Xanax

Please Pass The Porn and Xanax

This is the time of the year when you start reading all these posts where people look towards 2011 and go on and on about how they’re going to make it their bitch.

Me?

Not so much.

For 2011 I just want to watch more porn and convince my doctor to give me a prescription for Xanax. (I know, you’re shocked I don’t already have one).

The reason for the Xanax (other than to deal with the demon spawn also know as my daughter) is because nothing stresses me out more than the thought of having to set goals for myself. We’re talking full blown hyperventilation.

When I used to be a corporate schmuck, I worked for a company that was all about goal setting. Every year you’d have to lay out, in glorious gory details, all the things you were going to achieve that year. And once your name was signed to it, your whole bonus depended on some bullshit you dreamed up 11 months ago, before the intervening 10 months bitch slapped you into the ground.

Oh, don’t get me wrong. I never missed out on a bonus. No. I was a good enough spin doctor that I could make the numbers say whatever I needed them to (which is probably why, these days, I regard 98% of statistics with a healthy dose of skepticism).

So, even though I walked away with my nice little ‘thanks for actually doing your job’ cheque, those goals were the bane of my existence.

I don’t like the idea of living a whole year to one arbitrarily set standard.

Our lives are dynamic, so I’ve never understood the need to hold ourselves to something so static.

And when the end of the year comes, I watch people sit there and beat themselves up over not meeting these random (and in the grand scheme of things, semi-meaningless) goals.

“Oh Em Gee.  I wanted to loose 19.3 lbs and I only lost 18.7 lbs.  I am such a gigantic failure at life”.

Really?  You’re going to base the success of a whole year on what a scale says? *cringe*

Why not look at all the things you accomplished this year?  Did you finally get around to reading that book?  Did you take that course you’ve been promising yourself for 3 years you were going to get around to taking?  Did you simply take the time to sit and play with your kids?  All those are accomplishments worthy of recognition.

So tell me…

What amazing things did YOU accomplish this year?

I Hate It When I’m Wrong

I can admit when I’m wrong. Only because it happens so rarely. I mean, everyone knows I’m like the next Mary Poppins – practically perfect in every way. (Stop snickering or I’ll beat you with my umbrella)

Well, yesterday I was wrong, not once, but twice. I KNOW! Mark the day on your calendar because it will never happen again.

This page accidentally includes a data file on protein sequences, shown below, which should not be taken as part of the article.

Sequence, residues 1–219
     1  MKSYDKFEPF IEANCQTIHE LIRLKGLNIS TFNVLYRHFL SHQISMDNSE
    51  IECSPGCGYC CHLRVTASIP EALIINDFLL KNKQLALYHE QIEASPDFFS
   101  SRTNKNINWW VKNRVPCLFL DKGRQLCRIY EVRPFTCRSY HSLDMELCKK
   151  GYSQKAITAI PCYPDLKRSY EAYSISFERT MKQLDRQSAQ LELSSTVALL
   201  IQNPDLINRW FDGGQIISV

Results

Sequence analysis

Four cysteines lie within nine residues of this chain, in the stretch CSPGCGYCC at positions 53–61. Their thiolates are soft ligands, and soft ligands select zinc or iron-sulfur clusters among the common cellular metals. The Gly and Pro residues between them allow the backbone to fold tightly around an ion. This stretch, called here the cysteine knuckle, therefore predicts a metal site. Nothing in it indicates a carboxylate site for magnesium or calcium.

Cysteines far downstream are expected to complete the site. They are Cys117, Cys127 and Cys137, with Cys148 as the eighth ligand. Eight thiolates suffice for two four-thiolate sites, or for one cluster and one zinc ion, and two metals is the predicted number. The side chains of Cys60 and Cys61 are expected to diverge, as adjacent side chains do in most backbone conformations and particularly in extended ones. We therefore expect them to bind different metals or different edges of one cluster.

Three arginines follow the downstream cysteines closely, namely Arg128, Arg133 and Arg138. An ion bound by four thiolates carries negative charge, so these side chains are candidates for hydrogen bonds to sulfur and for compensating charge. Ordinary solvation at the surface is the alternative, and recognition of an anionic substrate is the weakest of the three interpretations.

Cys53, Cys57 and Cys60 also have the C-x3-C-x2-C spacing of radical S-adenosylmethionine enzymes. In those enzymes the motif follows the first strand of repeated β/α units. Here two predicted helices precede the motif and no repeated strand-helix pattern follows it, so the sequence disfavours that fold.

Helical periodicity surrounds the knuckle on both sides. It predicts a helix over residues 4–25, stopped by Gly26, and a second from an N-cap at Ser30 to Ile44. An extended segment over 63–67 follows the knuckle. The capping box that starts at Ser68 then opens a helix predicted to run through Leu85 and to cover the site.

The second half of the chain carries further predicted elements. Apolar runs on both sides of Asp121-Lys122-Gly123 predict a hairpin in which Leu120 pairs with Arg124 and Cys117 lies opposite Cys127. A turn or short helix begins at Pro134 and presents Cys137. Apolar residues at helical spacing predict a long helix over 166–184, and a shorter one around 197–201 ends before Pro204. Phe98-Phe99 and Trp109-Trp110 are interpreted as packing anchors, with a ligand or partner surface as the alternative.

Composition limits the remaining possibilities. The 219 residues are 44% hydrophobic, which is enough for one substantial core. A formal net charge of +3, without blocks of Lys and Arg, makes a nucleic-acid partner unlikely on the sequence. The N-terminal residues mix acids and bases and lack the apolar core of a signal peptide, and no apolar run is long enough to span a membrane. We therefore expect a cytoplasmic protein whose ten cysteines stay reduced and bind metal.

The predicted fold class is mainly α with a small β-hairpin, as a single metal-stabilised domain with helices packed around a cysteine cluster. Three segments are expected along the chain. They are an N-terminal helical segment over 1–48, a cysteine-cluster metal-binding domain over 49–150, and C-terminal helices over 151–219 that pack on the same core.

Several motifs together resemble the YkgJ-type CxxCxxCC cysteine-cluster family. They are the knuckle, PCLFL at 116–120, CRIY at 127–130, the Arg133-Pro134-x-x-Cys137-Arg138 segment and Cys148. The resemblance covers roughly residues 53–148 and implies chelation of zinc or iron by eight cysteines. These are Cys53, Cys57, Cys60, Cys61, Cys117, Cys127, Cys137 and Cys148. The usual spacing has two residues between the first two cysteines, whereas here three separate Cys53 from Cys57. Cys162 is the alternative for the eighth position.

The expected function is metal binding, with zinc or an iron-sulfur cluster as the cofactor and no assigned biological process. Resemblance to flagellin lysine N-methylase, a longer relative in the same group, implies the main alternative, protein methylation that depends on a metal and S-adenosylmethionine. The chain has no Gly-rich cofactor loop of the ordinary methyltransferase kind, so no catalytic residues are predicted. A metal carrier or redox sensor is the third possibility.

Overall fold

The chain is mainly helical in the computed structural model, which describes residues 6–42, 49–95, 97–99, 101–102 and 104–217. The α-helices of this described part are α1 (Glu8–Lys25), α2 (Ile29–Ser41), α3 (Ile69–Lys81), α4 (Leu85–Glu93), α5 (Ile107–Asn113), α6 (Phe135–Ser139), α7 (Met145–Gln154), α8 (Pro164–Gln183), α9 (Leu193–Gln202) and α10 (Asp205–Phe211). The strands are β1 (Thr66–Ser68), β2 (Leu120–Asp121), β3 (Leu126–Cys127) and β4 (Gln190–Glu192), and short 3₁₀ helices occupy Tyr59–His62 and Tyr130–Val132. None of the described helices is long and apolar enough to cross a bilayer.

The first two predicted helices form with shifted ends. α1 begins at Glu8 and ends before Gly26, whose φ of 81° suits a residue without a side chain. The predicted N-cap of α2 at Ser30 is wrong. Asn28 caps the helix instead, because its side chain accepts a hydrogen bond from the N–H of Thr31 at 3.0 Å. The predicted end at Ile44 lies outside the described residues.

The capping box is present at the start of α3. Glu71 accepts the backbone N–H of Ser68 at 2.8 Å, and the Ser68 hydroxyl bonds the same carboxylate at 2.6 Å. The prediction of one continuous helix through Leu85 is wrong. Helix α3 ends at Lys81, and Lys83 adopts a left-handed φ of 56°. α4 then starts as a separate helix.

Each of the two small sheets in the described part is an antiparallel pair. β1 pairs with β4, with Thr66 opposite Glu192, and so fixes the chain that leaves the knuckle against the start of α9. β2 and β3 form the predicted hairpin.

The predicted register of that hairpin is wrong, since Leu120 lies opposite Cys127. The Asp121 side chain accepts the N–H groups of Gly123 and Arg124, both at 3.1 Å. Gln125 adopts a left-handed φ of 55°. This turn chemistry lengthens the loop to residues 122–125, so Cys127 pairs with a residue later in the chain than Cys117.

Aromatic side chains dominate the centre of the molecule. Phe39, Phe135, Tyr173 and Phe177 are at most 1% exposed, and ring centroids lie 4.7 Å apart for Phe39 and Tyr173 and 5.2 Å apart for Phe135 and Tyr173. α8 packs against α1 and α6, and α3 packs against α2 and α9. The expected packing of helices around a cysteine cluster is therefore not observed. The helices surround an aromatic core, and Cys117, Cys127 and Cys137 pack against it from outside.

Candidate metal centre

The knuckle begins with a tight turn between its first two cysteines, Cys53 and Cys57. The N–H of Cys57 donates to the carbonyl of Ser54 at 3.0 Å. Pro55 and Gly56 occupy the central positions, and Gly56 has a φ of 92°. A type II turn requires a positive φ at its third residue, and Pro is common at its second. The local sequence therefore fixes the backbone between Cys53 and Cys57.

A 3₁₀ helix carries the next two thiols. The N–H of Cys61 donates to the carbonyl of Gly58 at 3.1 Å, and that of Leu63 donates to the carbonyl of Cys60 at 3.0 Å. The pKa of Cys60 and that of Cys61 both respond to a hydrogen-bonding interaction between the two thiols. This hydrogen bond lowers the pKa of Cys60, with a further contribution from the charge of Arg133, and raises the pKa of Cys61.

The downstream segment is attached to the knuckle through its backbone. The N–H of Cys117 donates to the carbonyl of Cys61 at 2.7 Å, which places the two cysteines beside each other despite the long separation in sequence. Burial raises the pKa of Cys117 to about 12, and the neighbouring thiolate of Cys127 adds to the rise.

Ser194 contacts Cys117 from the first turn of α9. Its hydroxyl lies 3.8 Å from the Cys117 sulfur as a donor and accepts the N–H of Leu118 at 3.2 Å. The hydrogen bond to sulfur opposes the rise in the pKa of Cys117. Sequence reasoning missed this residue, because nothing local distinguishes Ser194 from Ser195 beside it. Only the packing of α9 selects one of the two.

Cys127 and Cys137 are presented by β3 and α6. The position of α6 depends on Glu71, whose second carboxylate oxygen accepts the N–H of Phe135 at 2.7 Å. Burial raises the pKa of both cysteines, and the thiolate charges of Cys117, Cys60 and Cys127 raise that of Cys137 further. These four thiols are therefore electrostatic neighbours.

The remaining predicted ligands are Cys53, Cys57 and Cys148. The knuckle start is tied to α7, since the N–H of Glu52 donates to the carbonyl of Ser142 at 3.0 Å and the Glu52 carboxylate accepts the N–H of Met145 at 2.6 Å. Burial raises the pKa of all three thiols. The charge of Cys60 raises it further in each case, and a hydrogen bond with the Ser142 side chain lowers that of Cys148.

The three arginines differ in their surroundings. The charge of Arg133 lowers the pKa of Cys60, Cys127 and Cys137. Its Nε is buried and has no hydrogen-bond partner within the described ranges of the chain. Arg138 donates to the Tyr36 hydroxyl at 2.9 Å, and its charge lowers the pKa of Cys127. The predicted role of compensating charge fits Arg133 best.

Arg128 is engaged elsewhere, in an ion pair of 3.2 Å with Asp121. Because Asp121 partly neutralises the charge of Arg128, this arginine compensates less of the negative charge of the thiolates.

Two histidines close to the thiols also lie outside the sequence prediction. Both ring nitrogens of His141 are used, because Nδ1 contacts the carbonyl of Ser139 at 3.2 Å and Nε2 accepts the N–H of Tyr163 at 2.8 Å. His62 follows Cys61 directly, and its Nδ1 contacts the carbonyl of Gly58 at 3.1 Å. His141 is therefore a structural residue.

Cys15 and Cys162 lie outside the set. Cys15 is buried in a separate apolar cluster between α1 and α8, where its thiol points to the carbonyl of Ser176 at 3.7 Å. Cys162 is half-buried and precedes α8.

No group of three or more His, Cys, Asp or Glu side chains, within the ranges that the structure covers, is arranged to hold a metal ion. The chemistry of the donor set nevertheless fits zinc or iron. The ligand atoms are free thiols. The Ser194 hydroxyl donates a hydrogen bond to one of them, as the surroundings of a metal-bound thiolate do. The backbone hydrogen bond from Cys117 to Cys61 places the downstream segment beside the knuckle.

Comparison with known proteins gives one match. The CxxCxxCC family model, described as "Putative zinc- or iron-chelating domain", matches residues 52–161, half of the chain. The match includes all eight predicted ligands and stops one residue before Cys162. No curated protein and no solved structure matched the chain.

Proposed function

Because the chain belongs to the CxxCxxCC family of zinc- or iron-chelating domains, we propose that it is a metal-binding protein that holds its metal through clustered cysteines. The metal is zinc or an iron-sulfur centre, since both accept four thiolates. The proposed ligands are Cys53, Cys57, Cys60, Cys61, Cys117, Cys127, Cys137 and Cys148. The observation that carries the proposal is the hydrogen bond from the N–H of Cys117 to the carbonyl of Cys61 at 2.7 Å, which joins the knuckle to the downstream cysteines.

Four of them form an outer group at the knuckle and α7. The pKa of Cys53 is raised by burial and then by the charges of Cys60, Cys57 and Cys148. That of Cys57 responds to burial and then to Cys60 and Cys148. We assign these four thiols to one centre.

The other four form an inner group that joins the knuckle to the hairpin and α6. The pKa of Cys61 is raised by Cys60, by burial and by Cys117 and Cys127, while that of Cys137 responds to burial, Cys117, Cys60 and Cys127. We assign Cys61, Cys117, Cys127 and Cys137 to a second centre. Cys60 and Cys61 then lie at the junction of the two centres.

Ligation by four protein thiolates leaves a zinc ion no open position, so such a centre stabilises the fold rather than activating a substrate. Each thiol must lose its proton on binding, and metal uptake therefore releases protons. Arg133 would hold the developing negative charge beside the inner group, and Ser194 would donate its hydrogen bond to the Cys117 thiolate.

I publicly stated that I was sure that the EEG we had slated for Vista yesterday would come back as normal. Same as the other two had. I mean, for one of those, they had her hooked up for 24 hours and it was perfectly normal. Why would I have any reason to believe they’d see anything different on a half hour EEG? Especially since we weren’t able to get her to sleep during it, like they needed. All that sleep deprivation for nothing.  Can we say cranky? (Me, not her).

But… wait for it….I was wrong. What little bit of the EEG they were able to do came back abnormal, showing spikes of electrical activity coming from the back of her brain.

I’m pretty sure my jaw made a nice clunking sound as it hit the floor when her neurologist told me.

To say I was not expecting that is an understatement.

Which led to being wrong a second time in one day.

I was positive that we’d get the nice shrug from the neurologist accompanied by the words ‘Welllll… we don’t know.  Call us if her seizures get any worse”, as they sent us home again.

I got the first part right.  Does that count?

They used words like ‘odd’ and ‘unique’ to describe V’s seizures.  Yeah, my kid’s all sorts of special.  But I already knew that.

What they think is happening is Vista will have a seizure, which causes loss of speech, motor skills, and behavioral issues.  Then two to four weeks later she’s having another seizure that resets whatever the first seizure did and returns her to back to where she was before the first seizure. Did you follow that?  Let me put it in simple terms.  It’s like flipping a light switch on and off. And on. And off. And on.  And off…and…yeah, well, you get the point.

The problem is, we’re lucky if we see maybe a third of the seizures we think she’s having (which is why it’s taken so long to puzzle this out), because they happen at night, while she’s sleeping.  Which could be why she wakes up in the middle of the night screaming sometimes.  Ever wondered what a banshee sounds like?  Come for a sleepover.

At any rate…

The abnormal EEG combined with the level of regression from her last seizure had her neurologist concerned.  Very concerned.  Concerned enough that, for now, they’ve decided to put her on anti-seizure meds.

Luckily the medication they chose (clobazam) has fairly mild side effect.  Stuff like ataxia, somnolence, diplopia, and dysarthria. Don’t those sound scary? Let me translate: loss of muscle coordination, drowsiness, double vision, and slurred speech. So, in other words, she might act like a teenager on a bender. Yay.

The best part is, they told me this drug is part of the benzodiazepine family. Also know as? Anyone?
That’s right, my two year old is on Valium! I’m thinking we’ll try for Xanax by the time she’s three.

 I Hate It When Im Wrong

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